Zofran Birth Defect Lawsuits Allege The Anti-Nausea Drug Can Cause Babies To Develop Heart Murmur, Cleft Lip, Cleft Palate And Other Birth Defects.
As filings of Zofran birth defect lawsuits continue, Zofran’s maker, GlaxoSmithKline, wants plaintiffs to identify whether they use the Zofran brand name drug or a generic version of the anti-nausea drug Zofran made by another company. GlaxoSmithKline is a defendant in 223 Zofran birth defect lawsuits that allege the company’s antiemetic drug causes birth defects that include cleft lip and palate, atrial septal defect (hole in the heart), and heart murmur.
In a motion filed on February 22, GlaxoSmithKline said that some or all of claims may be dismissed because the plaintiffs never actually used the company’s Zofran brand name drug. The pharmaceutical giant purports that plaintiffs in at least 153 cases allege using generic ondansetron, while only 68 plaintiffs said they exclusively use brand-name Zofran. The remaining Zofran complaints do not specify whether the plaintiffs used Zofran or generic ondansetron. GlaxoSmithKline asked U.S. District Judge Dennis Saylor, who is presiding over the litigation in the District Court in Massachusetts, to require each plaintiff to identify the product they claim to have used. “Requiring disclosure of product information now—information that plaintiffs should already possess—is the most sensible and fair way to proceed with initial discovery in this litigation,” the company said in its motion. (In Re: Zofran Products Liability Litigation – MDL 2657)
Zofran (ondansetron) is used to treat nausea and vomiting associated with chemotherapy, radiation, and post-operative nausea. The drug was first approved by the U.S. Food and Drug Administration (FDA) in 1991; and 15 years later, approved the first generic version of ondansetron. After 2006, the market for generic versions of ondansetron rapidly increased and Zofran’s sales in the United States declined by 88 percent, GlaxoSmithKline said in its motion. Currently, Zofran’s generic version is among the most widely distributed generic drugs products available with at least 30 companies manufacturing different forms of generic ondansetron, according to GlaxoSmithKline.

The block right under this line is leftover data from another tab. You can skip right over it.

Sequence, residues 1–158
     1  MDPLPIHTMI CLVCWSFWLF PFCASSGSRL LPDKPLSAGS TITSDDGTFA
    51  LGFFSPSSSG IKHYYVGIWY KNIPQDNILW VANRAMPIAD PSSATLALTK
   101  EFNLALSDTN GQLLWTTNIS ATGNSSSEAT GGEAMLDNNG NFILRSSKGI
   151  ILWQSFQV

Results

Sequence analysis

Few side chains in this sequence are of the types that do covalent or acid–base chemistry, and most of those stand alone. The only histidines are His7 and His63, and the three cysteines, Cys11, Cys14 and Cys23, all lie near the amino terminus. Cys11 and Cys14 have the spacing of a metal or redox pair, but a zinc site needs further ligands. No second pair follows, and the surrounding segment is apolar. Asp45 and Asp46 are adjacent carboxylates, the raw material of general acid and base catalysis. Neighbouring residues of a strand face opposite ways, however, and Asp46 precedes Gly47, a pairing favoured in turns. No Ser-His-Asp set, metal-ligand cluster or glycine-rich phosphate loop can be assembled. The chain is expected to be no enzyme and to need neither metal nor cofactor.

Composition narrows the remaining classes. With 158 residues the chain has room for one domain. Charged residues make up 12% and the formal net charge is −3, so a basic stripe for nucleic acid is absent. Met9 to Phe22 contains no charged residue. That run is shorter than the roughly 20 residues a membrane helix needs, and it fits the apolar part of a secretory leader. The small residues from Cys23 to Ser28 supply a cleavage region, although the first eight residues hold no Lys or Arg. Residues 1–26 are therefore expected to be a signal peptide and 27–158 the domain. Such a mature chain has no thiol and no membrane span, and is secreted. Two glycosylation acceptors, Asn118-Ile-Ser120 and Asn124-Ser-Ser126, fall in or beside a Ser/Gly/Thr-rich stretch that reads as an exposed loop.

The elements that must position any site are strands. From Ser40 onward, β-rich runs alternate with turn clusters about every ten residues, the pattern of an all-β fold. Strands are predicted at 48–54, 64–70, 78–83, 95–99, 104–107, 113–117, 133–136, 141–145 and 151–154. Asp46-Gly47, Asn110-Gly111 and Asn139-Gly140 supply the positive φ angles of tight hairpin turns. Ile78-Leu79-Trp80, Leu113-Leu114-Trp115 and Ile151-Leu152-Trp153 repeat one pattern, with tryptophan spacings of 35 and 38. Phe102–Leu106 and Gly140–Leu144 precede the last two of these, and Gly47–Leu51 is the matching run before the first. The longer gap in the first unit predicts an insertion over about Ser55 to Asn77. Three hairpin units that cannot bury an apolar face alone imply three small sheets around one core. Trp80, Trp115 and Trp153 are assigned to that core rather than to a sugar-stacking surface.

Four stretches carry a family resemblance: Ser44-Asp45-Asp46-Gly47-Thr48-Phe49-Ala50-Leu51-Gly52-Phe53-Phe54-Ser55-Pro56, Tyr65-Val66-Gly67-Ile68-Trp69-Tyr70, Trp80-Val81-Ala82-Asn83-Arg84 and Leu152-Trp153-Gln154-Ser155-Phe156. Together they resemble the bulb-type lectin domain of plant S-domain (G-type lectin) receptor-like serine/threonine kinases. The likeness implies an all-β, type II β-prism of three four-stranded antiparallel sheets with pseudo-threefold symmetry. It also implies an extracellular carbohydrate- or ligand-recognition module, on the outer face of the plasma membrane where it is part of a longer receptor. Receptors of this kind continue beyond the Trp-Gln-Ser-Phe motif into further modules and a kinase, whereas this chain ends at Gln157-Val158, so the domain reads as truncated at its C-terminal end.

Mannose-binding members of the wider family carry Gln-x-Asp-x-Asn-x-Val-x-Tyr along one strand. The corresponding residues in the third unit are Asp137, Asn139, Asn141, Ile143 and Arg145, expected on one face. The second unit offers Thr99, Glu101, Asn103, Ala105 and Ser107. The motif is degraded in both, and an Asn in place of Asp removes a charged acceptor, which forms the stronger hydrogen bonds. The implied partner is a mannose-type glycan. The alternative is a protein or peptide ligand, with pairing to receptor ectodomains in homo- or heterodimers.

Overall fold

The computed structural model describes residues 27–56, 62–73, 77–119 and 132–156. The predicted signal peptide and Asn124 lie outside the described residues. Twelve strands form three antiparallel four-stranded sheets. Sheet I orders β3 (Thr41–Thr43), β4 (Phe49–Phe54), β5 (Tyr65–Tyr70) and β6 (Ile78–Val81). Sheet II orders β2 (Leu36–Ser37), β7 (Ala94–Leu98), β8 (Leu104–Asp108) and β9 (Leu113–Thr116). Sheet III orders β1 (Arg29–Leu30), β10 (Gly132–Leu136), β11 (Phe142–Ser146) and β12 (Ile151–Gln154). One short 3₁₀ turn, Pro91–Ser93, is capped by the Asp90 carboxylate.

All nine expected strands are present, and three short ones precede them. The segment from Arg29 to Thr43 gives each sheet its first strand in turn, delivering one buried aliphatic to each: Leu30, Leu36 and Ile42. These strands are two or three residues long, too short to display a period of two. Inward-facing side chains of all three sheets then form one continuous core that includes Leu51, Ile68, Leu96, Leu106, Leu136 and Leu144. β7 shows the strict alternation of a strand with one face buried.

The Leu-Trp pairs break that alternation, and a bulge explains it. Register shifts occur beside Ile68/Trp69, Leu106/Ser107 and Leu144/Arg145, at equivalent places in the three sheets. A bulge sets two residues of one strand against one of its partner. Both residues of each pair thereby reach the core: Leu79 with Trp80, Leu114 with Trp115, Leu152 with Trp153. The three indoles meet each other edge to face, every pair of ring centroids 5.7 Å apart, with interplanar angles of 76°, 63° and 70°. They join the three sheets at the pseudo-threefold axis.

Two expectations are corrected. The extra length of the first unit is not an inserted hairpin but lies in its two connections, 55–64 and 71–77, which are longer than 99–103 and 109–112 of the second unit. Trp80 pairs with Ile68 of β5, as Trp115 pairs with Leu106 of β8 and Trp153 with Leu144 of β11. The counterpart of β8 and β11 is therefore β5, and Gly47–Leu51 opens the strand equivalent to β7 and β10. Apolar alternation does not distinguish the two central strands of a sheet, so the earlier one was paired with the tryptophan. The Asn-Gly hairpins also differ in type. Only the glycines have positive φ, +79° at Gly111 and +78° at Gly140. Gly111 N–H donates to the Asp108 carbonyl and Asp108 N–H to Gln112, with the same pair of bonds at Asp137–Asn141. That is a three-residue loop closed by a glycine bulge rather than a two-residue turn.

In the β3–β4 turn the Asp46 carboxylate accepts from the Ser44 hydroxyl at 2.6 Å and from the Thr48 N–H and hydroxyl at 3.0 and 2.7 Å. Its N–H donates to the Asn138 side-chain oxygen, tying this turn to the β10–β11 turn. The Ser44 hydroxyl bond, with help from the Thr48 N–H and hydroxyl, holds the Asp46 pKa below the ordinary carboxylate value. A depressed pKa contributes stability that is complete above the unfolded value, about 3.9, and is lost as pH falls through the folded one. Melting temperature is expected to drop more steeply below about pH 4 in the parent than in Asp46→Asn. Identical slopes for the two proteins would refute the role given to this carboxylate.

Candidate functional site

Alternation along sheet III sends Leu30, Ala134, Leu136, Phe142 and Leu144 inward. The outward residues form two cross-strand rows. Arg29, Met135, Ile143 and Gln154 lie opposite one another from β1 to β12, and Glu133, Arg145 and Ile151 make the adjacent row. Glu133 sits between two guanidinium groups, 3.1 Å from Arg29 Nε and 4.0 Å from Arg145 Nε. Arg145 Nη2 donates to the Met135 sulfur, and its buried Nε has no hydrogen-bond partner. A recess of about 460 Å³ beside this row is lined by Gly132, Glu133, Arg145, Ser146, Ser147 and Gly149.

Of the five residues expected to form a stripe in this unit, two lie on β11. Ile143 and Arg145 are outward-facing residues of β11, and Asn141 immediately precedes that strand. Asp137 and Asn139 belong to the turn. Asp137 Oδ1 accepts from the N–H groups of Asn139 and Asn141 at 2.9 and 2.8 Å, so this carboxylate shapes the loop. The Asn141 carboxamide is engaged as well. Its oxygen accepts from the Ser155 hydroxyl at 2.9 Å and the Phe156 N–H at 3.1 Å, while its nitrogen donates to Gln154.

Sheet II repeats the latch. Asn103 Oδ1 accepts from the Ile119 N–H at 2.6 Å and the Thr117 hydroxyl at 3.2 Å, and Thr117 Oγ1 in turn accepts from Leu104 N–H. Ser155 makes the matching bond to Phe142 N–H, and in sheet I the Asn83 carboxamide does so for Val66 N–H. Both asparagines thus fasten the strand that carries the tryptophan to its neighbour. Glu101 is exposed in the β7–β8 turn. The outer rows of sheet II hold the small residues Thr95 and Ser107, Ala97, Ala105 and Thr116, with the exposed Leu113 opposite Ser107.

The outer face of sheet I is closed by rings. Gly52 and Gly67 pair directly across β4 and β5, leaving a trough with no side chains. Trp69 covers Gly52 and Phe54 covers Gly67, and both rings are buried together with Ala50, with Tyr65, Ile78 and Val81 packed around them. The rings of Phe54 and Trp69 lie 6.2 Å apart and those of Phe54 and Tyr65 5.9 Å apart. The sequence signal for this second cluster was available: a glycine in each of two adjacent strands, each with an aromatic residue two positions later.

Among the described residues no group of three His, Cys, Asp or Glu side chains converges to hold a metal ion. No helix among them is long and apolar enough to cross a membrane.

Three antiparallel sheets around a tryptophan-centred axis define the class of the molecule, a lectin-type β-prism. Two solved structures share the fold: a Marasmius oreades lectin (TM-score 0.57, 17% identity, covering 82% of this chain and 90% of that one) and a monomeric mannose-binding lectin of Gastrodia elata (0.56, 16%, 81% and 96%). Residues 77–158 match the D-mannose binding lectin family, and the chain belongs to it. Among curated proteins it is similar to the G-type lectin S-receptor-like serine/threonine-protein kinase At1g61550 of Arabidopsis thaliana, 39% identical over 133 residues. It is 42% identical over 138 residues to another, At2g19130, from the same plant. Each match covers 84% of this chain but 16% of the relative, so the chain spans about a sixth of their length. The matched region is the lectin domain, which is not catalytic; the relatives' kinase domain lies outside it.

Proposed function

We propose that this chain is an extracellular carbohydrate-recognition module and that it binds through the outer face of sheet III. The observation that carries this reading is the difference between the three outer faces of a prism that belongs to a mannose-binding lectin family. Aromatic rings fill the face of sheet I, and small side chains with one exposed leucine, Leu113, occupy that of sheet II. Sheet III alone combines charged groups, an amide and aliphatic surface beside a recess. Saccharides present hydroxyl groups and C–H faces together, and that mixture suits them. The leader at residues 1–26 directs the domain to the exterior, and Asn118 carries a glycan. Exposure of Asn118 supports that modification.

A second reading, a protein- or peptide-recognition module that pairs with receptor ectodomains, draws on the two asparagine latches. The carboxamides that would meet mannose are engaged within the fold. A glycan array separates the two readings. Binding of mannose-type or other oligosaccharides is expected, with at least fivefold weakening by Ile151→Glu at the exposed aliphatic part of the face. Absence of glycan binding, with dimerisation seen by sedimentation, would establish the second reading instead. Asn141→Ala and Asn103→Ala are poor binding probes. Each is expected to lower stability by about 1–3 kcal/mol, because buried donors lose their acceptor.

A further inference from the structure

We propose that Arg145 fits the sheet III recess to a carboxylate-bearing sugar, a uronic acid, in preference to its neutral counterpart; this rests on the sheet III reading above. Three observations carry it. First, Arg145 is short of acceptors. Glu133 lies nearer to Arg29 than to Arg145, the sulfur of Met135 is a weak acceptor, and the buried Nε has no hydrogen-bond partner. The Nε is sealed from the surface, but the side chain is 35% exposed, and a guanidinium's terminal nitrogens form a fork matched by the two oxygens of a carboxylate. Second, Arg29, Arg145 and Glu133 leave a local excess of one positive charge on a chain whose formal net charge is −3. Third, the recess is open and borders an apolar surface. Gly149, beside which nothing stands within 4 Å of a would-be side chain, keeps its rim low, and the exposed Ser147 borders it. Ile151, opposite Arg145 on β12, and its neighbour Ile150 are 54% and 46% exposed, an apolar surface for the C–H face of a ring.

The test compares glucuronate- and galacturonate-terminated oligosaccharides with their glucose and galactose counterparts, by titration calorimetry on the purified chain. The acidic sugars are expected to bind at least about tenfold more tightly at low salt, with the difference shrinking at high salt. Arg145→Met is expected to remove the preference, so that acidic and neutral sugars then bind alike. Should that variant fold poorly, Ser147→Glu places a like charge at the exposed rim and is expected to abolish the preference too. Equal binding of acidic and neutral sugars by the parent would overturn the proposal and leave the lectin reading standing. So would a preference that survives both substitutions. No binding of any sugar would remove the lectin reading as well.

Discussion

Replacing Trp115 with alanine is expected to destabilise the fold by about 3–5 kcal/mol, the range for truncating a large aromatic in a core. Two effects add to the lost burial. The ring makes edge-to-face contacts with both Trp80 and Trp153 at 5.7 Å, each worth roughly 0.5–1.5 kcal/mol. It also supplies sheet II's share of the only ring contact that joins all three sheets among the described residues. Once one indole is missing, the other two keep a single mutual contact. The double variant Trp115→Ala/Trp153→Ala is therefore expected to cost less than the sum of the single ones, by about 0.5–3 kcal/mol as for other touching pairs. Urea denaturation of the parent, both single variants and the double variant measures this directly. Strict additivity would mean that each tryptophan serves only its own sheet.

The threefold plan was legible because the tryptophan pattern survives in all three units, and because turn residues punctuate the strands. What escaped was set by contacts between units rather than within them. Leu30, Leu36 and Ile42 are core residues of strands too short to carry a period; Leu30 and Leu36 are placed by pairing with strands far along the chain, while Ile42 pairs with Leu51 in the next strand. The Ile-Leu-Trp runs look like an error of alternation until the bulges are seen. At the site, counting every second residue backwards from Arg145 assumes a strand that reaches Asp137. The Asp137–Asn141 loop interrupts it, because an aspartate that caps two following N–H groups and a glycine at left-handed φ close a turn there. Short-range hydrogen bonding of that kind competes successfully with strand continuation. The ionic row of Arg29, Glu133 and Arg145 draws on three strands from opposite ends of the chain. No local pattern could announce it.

Zofran faced federal criminal and civil charges over Zofran and its other drugs, according to Zofran complaints. In 2012, the U.S. Department of Justice (DOJ) maintained that Zofran was not approved by the FDA to treat morning sickness in pregnant women. GlaxoSmithKline was also accused of paying kickbacks to health care professionals as an incentive to promote and prescribe Zofran and its other drugs. The company agreed to pay $3 billion to resolve criminal charges of illegally promoting certain of its prescription drugs, failure to report certain safety data, and civil claims for alleged false price reporting practices. According to the DOJ, the resolution is the largest health care fraud settlement in U.S. history and the largest payment ever by a drug company.
[justice.gov/opa/pr/glaxosmithkline-plead-guilty-and-pay-3-billion-resolve-fraud-allegations-and-failure-report, U.S. Department of Justice]
Court records show that this is the second time GlaxoSmithKline has tried to dismiss the Zofran birth defects complaints that allege that the company knew that its anti-nausea medication presented an “unreasonable risk of harm” to developing fetuses because the drug passes through the human placenta. In January, Judge Saylor denied the company’s request to dismiss 200 Zofran lawsuits that contain state law claims of the company failing to change Zofran’s label to warn that the drug may cause birth defects in newborns. The company contended federal “clear-evidence” law pre-empts those claims. Under the federal law, GlaxoSmithKline maintained it had “clear evidence” the FDA would not have approved the changes that plaintiffs asked the company to make to Zofran’s warning label. (In Re: Zofran Products Liability Litigation – MDL 2657)
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